A Negligee of two straight lengths of 36-inch-wide material

We have photos!

And we have a negligee!!

We just don’t have photos of me IN the negligee : ( I lost one days worth of photos, nothing I can’t replace and honestly I just wasn’t that happy with what I had so the loss is very minor.

“This graceful garment saves time as well as cloth. There is almost no cutting to do.” This is true.

“Just fold the material crosswise in the center and cut the round neck a little lower in the front than the back as I have shown at A.” I cut a slit in the fabric, I measured to the center of the cloth and cut about 4″ in each direction. I then cut a slit down what would become my center front and tried it on. It is very easy to cut the hole TOO BIG so be cautious! I then cut my oval, tried it on to make sure and moved to the next step…

“Then straighten the ends of the goods and hem them as at B and C.” Yes, I hemmed. For some crazy reason (I think I was watching “Mad Men”) I did a beautiful hand hem.

Before I went any further I added a band of trim to the left side of the garment. This fabric only had the pretty band you see on the outside edges on one side of the fabric. I seriously considered leaving things as they were and just having the trim on the one side but the Sheldon side of my brain won the argument about things being equal so trim was added. Now it looks balanced and “normal”, not “arty”.

“Measure down 16 inches from the fold (i.e shoulder ‘seam’) and six inches from the edges as at D and E, and mark these points with pins. Have both layers of the material machine hemstitched together from the points D and E to the bottom of the garment.” Easy peasy, self explanatory, this is what makes the side seams. The next step, on the other hand, caused a bit of angst.

“Also have the neck edge picoted.” I know what a picot edge is but how do I do it here? I’ll save you an hour or two of agony and research on this. The short answer is you just ZIG ZAG the darn thing! The picot refers to the point the stitching makes, like this:

I turned the neck edge under once, zig zagged, and then turned it under again and zig zagged again. Done. It may not be as peaked as per the definition but it’s done (Done is Beautiful!) and it encloses those pesky cut edges. This fabric frays as you look at it, let alone work with it!

“Clip the center of the hemstitching at a low waistline and run a ribbon belt through the slit thus made as shown at F.”

Because of the aforementioned fraying issue I decided to make a buttonhole on each side:

I also did a semi-fancy stitch for those side seams instead of a standard hem stitch. Do what makes you happy, considering this negligee has two hems, a picot’d neck edge and two seams you don’t have a whole lot of sewing to worry about : ) I turned under the selvage edges because they weren’t pretty but if you have decent looking selvages you don’t have to hem the sides!

I didn’t use ribbon for the tie, the fabric I cut off the hem I made into a belt placing the border at the ends of the ties:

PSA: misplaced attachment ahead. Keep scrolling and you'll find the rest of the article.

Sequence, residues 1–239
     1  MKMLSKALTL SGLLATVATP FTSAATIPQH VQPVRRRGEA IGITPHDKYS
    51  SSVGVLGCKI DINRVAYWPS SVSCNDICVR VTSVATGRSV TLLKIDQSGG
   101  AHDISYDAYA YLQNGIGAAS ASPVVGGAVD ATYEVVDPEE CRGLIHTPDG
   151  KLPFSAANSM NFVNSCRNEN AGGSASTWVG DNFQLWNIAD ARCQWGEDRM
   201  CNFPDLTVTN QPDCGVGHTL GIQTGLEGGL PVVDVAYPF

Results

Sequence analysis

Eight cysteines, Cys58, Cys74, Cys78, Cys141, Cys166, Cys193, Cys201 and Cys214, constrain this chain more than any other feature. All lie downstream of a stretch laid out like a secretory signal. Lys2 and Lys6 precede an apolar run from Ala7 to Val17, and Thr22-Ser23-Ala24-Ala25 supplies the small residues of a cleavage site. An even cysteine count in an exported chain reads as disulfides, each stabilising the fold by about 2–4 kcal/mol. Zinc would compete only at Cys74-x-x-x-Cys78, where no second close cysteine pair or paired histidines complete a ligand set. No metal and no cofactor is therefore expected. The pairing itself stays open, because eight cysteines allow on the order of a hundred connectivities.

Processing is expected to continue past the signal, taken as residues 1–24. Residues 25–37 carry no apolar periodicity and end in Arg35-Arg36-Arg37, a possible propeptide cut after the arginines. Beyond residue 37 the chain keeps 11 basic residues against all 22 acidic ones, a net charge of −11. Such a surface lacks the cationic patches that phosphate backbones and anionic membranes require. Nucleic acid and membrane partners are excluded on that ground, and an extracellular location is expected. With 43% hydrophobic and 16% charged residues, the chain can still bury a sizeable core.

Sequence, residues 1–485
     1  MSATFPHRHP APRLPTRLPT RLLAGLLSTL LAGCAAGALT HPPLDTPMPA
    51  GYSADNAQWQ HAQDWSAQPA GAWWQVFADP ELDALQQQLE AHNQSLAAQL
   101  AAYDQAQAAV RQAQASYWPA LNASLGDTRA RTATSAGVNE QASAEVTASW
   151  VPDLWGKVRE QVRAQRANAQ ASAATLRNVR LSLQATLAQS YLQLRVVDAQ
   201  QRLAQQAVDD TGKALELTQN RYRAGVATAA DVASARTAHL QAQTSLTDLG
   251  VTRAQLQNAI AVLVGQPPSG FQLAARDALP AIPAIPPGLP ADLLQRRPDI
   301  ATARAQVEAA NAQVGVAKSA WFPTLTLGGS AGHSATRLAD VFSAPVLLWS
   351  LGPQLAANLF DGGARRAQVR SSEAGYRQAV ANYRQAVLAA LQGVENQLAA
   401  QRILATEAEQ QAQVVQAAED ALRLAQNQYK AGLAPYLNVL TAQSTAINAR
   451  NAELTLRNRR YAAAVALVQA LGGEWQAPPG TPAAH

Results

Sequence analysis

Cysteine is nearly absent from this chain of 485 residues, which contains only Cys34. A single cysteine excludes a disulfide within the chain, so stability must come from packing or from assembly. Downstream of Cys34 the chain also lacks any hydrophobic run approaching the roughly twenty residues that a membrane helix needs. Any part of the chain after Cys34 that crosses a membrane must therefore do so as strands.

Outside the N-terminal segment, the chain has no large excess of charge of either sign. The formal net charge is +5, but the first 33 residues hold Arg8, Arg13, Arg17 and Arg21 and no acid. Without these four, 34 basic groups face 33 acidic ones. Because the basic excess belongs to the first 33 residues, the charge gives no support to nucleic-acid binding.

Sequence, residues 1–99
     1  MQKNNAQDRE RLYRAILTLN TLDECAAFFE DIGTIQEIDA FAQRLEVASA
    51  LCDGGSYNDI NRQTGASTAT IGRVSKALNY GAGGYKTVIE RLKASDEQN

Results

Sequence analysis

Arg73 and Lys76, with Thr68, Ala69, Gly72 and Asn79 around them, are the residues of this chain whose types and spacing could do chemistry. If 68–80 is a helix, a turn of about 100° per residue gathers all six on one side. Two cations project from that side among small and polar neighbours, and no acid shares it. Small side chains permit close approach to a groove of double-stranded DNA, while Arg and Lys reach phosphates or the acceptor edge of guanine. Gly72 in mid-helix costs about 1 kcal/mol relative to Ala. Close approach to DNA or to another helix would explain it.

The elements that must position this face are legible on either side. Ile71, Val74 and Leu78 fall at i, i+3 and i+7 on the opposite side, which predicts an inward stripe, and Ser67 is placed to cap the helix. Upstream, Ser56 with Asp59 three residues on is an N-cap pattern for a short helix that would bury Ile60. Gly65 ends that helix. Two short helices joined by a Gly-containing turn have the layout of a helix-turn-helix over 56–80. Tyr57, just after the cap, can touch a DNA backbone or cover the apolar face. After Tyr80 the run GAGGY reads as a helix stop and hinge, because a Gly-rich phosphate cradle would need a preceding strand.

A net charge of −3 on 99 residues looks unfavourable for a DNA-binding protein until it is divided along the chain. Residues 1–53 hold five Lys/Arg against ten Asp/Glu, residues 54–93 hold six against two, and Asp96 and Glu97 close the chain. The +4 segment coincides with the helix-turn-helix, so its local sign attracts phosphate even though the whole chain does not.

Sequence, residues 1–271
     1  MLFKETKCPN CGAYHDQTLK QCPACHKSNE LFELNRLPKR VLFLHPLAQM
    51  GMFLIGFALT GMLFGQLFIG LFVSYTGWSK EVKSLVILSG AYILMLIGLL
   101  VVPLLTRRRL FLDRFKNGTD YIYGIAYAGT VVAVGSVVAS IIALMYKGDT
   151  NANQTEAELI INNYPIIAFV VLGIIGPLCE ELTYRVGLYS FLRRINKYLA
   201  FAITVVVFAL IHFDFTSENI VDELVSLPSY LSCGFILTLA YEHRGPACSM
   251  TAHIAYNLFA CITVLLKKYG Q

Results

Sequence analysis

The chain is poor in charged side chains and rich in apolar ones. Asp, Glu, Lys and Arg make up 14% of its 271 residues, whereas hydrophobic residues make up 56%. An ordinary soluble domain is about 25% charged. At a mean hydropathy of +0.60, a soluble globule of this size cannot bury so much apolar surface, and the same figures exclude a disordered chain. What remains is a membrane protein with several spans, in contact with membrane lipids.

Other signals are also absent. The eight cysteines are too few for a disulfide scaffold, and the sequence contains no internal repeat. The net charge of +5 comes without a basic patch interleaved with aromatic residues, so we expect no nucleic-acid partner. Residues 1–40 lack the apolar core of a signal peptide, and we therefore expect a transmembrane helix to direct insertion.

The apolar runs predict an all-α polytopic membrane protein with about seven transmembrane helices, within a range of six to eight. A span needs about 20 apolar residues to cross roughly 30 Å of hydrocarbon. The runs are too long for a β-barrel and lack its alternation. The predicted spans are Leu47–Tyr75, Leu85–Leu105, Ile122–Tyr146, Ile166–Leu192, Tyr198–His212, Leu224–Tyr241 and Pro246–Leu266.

I accessorized my outfit with an Indian necklace:

The back is just as lovely as the front:

The only other difference between my version and the pattern is my fabric width. I didn’t cut it down any (it was 42″ wide) and then I added the 2 1/2″ border on the one side. It hangs a little lower on the arm than the one in the photo but I’m fine with that. Do I care for this on me? Not really. It’s comfy but it is, in reality, a 70’s caftan in my mind : ) I have plans to take more photos this weekend when we do hair and make-up so I PROMISE to revisit this!

The Pattern: A Negligee of two straight lengths of 36-inch-wide material
Rayon Indian-inspired sari cloth
Ease of Instructions:
Easy once I figured out exactly how to do picot edging
Effectiveness (1-10):
Iโ€™ll give this a 7. Because this so strongly reminds me of caftans a family friend wore in the 70’s I’m going to need to do the whole make-up/hair routine to change my outlook.
Notions: Just thread.
Hours to complete:
If I include the hours spent researching picoting I’ll put this at 3.
Total cost:

Here is a sneak peak to an upcoming dress:

This amazing piece of fabric was a REMNANT I bought at least 15 years ago, it came beaded and everything!! There was *just enough* to make one of the Ruth Wyeth Spears dresses (with some fiddling) AND do a pretty nifty Miss Fisher-inspired accessory. We’re on a roll now : )


8 thoughts on “A Negligee of two straight lengths of 36-inch-wide material

  1. Oh! and I wanted to say, that it definitely has a lot in common with 70s caftans. Check my blog post “http://midvalevintagepost.blogspot.com/2014/03/old-things-are-new-1920s-negligee.html” (from back in March) that compares a 1970s caftan with Ruth’s 1920s negligee. And I can’t wait to see the upcoming dress. ๐Ÿ™‚

  2. OOOOOooo! I imagine you feel very glamorous swishing around the house in this! I love the thought of wearing negligees and silk robes, but I’m not sure I could trade-out my sweatpants and pony tails. ๐Ÿ™‚

  3. You’ve taken a beautiful fabric and made it more beautifuller (It’s early, i haven’t switched my grammar head on yet). Love that solution for the picot edging, might have to remember that one. And the coming project looks very beautifuller, most awesomeist.

  4. Beautiful negligee! It does look a bit 70s caftan but in a good way – simple and elegant and easy, especially with that necklace.

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